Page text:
service member with covid detecting wearables (Washington Headquarters Services)

Body as biosensor: Faster COVID detection boosts military readiness

Keeping the military at peak readiness is job #1, so COVID-19 presents a particularly thorny emerging threat. There is no natural immunity, medical diagnostics or environmental detection for a virus whose victims may be utterly asymptomatic or might land in intensive care and then die from infection. It’s the kind of problem “that we think about all the time … in this space,” said John Hannan, chief of the Digital Battlespace Management Division at the Defense Threat Reduction Agency (DTRA).


Military looks to wearables for COVID intelligence

The Air Force is the latest to call for wearables that monitor biometric data and alert service members if they may be infected. Read more.

Wearables, AI deliver ‘left-of-cough’ COVID awareness

The Rapid Analysis of Threat Exposure system alerts wearers to the virus up to 48 hours before they become symptomatic, allowing them to quarantine, get tested and seek treatment without spreading the disease. Read more.

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Speaking at a Dec. 2 FCW Health IT workshop, Hannan said the “pandemic has presented a real-world scenario in which current detection and counter-measures are ineffective.” That pushed DTRA to develop a way to diagnose infected service members before observable symptoms appeared and get them screened for COVID before their illness impacted readiness.  The agency was looking for a kind of “check engine light” that would signal that “something going wrong in the physiology of the human being or the soldier,” he said. “That allows you to put that screening assay upfront, quicker, and then everything that follows behind that is quicker.”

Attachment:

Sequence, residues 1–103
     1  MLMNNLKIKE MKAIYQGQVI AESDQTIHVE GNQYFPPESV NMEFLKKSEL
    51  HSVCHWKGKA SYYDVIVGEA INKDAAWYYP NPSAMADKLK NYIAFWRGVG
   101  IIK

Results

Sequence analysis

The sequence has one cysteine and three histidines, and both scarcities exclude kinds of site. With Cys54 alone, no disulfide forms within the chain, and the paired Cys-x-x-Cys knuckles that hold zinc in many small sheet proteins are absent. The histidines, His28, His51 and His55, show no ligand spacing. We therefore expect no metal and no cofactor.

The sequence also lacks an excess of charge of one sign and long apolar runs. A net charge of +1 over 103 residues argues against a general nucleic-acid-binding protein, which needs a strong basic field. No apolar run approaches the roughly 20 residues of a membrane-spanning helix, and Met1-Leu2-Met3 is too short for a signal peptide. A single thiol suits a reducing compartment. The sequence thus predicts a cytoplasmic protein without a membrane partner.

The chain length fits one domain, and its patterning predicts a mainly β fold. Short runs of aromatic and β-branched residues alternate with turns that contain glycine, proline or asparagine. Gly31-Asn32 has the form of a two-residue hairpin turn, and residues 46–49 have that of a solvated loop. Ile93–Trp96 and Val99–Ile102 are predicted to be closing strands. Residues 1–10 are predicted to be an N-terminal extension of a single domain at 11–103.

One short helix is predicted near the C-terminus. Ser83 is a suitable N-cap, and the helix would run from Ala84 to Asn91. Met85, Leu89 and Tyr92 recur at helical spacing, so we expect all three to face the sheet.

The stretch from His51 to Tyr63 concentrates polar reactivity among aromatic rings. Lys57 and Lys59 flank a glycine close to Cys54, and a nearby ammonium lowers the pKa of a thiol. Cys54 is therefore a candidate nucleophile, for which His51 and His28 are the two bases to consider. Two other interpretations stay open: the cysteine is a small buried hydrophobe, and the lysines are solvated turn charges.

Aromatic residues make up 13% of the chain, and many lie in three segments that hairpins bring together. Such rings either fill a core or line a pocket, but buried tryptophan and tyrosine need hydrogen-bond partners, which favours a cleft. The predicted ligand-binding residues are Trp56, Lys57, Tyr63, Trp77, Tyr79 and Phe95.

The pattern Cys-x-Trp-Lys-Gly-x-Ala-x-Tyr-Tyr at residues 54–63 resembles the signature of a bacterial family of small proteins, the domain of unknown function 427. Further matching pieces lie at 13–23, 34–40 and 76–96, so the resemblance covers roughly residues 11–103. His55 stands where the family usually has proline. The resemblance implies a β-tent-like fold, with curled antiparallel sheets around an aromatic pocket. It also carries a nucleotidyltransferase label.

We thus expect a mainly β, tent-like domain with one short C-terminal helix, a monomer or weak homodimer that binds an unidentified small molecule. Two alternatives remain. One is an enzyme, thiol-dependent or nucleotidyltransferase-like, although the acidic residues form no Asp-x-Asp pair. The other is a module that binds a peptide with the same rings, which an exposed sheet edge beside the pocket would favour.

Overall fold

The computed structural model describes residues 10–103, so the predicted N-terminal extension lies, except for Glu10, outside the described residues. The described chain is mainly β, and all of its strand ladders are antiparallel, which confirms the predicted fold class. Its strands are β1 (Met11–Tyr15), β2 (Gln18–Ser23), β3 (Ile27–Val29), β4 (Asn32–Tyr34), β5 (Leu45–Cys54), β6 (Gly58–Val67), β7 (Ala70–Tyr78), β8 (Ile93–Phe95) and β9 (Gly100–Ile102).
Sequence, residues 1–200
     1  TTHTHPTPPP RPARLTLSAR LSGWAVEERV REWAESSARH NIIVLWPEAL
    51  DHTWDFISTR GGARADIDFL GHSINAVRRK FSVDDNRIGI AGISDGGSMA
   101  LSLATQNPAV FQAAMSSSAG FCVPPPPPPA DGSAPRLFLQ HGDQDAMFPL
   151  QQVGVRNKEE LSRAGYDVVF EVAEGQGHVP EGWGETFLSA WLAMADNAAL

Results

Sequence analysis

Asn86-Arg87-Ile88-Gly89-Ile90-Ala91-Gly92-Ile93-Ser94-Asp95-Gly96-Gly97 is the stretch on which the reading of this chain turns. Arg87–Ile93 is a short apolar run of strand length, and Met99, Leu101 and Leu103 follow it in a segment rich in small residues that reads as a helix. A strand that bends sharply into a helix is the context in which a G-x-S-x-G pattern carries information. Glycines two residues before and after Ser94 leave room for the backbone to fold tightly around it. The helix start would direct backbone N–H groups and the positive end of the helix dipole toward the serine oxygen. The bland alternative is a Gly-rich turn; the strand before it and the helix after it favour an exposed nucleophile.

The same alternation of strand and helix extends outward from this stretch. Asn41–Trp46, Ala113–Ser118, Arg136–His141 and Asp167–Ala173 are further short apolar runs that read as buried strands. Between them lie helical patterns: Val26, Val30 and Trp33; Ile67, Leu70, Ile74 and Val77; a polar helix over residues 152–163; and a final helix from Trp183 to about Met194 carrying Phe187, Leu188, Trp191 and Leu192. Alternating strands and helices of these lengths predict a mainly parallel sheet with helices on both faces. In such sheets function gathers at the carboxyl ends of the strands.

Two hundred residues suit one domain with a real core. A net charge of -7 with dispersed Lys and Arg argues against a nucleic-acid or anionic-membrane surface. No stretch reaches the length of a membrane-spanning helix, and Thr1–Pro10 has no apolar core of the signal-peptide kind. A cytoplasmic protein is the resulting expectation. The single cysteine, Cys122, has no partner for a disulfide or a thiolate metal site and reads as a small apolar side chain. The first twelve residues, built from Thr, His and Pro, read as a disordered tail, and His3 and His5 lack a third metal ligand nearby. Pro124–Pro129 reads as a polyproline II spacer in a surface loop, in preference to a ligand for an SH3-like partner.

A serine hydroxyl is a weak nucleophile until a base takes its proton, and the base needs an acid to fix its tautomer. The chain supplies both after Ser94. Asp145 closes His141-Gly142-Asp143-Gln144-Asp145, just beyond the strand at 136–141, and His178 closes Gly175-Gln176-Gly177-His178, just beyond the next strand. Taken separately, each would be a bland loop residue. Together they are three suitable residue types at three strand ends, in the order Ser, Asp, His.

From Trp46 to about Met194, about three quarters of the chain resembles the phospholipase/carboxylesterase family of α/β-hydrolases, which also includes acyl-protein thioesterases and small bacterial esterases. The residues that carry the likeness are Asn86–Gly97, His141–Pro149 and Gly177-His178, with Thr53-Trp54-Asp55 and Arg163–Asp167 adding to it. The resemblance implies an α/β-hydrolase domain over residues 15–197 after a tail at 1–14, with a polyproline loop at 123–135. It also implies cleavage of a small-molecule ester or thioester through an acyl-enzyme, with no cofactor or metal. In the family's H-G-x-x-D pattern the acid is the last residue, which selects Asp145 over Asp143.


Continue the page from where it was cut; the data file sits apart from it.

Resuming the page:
The effort actually predates COVID-19.  In partnership with the Defense Innovation Unit and Philips, DTRA in 2018 developed wearables – a wrist-worn device and a ring -- that tracked temperature trends, respiration and heart rates and blood oxygen levels to screen for hospital-acquired infections before symptoms developed. When a machine-learning algorithm called the Rapid Analysis of Threat Exposure (RATE) was applied to the health data, it warned of infection up to 48 hours before the onset of symptoms.

Wearable technology uses the body as its own biosensor, Hannan said. It offers a non-invasive, continuous monitoring that can give health officials a heads up that something was wrong -- a “threat agnostic” approach – that could be widely applied.

Based on that earlier work, DTRA was able to take the technology out of the hospital environment, modify it and test it with volunteers to see if RATE could provide pre-symptomatic infection alerts an operational environment.

When modifying the technology to spot subclinical COVID infections, DTRA faced challenges adapting low-cost consumer wearables to detect infections outside a hospital setting, where conditions are pristine and the quality of both the wearable and the patient data is high.  Other hurdles were transmitting data in unconnected environments and analyzing the results to determine if the algorithm could actually alert pre-symptomatic wearers that they may have the virus and unknowingly infect others.

The technology is being tested by volunteers from West Point and the Naval Academy who wear the devices 24/7. Participants connect their wearable to a smartphone via Bluetooth, take a brief symptom survey every 24 hours and ensure the wearable is uploading data.  The app evaluates the symptom survey and the data from the wearable in the cloud and assigns a RATE score that indicates variance from baseline readings. Coordinators log into the secure cloud database and monitor individual scores and trends and advise commanders of health alerts.

The technology is not quite ready for roll out. “This generalized algorithm that was developed for the hospital acquired infections,” Hannan said, so it has to be evaluated outside health care facilities for COVID. This testing is really looking at the data collection and analysis, he said. We need to see “how the algorithm does and how that might need to be retrained. Or maybe we need to be looking at other metrics -- that's the back end challenge.”

Short term, RATE will allow commanders to identify infections earlier, potentially reducing community spread and increasing survival. On the front lines, it would improve readiness levels and increase personnel redundancies, Hannan said. Longer term, it could become a tool for leadership to monitor well-being and readiness of personnel, from commanders down to individuals.

About the Author

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